Transportation in Bogota
Bogota’s street grid can be best compared to Manhattan’s (NYC), where Carreras (Avenues) run from north and south and Calles (Streets) run from east to west. Be aware that occasionally major streets are also called Avenidas.
Address numbers will then correspond to the nearby intersection’s latitude and longitude Calle or Carrera number.
For example, the address for the Teatro Libre de Bogota is:
Calle 13 Number 9 A – 65
…and the Museo el Chico is located at:
Carrera 7 A Number 93 – 01
Modes of Transport:
There are multiple modes of transportation, such as an extensive bus system known as the Colectivas, taxis, private drivers, private cars, motorcycles, pedi-taxis, bicycling on the dedicated routes called Cicloloroutas, and the rapid transit system – TransMilenio. The city has implemented what is called the Pico y Placa system of limiting the number of vehicles driving in the city each day. PyP matches certain days with the last digit of three license plate numbers, allowing only those vehicles with matching numbers to drive on that day. Of course it is a controversial system, with supporters and nay Sayers. PyP is not in effect on the weekends, and a marked increase can be seen in the traffic flow. Many roads are closed to vehicles on Sundays and holidays for the Cicloveas, creating bike and pedestrian only zones. This event has garnered international accolades, and is being implemented by many other cities, such as New York and Paris.
Remember: It is recommended that you always carry small bills and change with you for your transportation needs.
TransMilenio, the mass transit system is comprised of articulated (extra long) buses that travel on a vast network of dedicated bus lanes connected throughout the city. The routes are currently being expanded to reach even more communities.
Please see the following link to the TransMilenio website for additional information.
Effective August 1, 2012, the TransMilenio fares have been reduced:
Mondays - Saturdays; all day Sundays and Holidays:
"Valley" times - Start of operations to 5:29 a.m.; 8:30 a.m. to 4:29 p.m.; 4:30 p.m. to 7:31 p.m. to close of operations: $1.400
Mondays - Saturdays:
"Peak" times - 5:30 a.m. to 8:29 a.m.; 4:30 p.m. to 7:30 p.m.: $1.500
Operating like a dedicated bus line/above-ground subway system, this network of red fuel-efficient vehicles is safe, efficient (if on a somewhat elusive timetable) and very easy to ride. This system has garnered many international urban design awards. So successful has the TransMilenio system been that the international community has taken notice and is studying it as a possible application in their cities. The NY Times also had a major story and video report about it.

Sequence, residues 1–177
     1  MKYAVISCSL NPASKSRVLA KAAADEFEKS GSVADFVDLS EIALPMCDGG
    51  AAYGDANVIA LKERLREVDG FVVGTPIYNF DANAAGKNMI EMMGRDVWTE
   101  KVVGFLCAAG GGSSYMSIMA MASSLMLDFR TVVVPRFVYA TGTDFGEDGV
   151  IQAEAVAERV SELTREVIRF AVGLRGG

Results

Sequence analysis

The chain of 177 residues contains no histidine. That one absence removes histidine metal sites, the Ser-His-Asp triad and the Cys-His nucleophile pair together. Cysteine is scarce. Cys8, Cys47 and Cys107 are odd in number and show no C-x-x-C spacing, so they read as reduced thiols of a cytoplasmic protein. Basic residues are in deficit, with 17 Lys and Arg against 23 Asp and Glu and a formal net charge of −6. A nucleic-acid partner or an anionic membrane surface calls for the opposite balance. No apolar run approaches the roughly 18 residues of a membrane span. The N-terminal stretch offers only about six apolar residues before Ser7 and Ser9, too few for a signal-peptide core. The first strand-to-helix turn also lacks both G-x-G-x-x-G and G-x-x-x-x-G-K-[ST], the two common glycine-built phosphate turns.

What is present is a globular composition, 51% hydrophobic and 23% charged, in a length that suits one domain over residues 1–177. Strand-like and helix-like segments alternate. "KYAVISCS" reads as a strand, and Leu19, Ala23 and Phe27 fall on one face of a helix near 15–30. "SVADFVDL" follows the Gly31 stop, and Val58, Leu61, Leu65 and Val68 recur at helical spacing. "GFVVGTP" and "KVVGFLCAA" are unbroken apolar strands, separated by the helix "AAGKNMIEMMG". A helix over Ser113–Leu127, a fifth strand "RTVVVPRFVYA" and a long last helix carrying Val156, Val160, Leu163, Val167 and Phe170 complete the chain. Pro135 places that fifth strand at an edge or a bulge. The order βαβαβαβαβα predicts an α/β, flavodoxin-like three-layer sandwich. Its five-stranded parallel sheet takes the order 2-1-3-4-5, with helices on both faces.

Two mayors of Bogota were also invited to Denver, Colorado to talk about the TransMilenio, and other interesting projects Bogota has had success with.
Some NOTES about riding the TransMilenio:
Yes, it is a mass transit system that moves thousands of people a day. Yes, it does get very crowded at any time, redefining “rush hour.” Yes, there is personnel on hand to assist travelers and fellow passengers are generally helpful and courteous. What? Real people? Helpful and courteous passengers in mass transit? Be aware that the blue seats are reserved for the elderly, parents with children, mothers with child or the infirm. This code is usually honored, and fellow passengers will let you know if you are in violation when someone in need enters the bus. The more modern buses have monitors that constantly display the ultimate destination, and the next two upcoming stops. This is extremely helpful, but if in a bus without a monitor, you should try to have a clear view of the platform so that you can see where it is stopping. Or, you can ask a fellow traveler, and you might get more than one helpful response from those around you. Don’t be surprised if you are standing, a seated passenger offers to hold your personal belongings. No – this is not an attempt to rob you – it is an honest offer of assistance. This is very common behavior, and another illustration of how helpful Colombians tend to be. Generally, if someone touches you while moving through the bus, don’t interpret it as a sign of aggression, most likely they are just trying to get into a comfortable spot –riders are simply accustomed to wiggling through, and quickly holding on to handrails, seldom is anyone pushy or aggressive on purpose. Please also respect the signs advising against talking to the driver.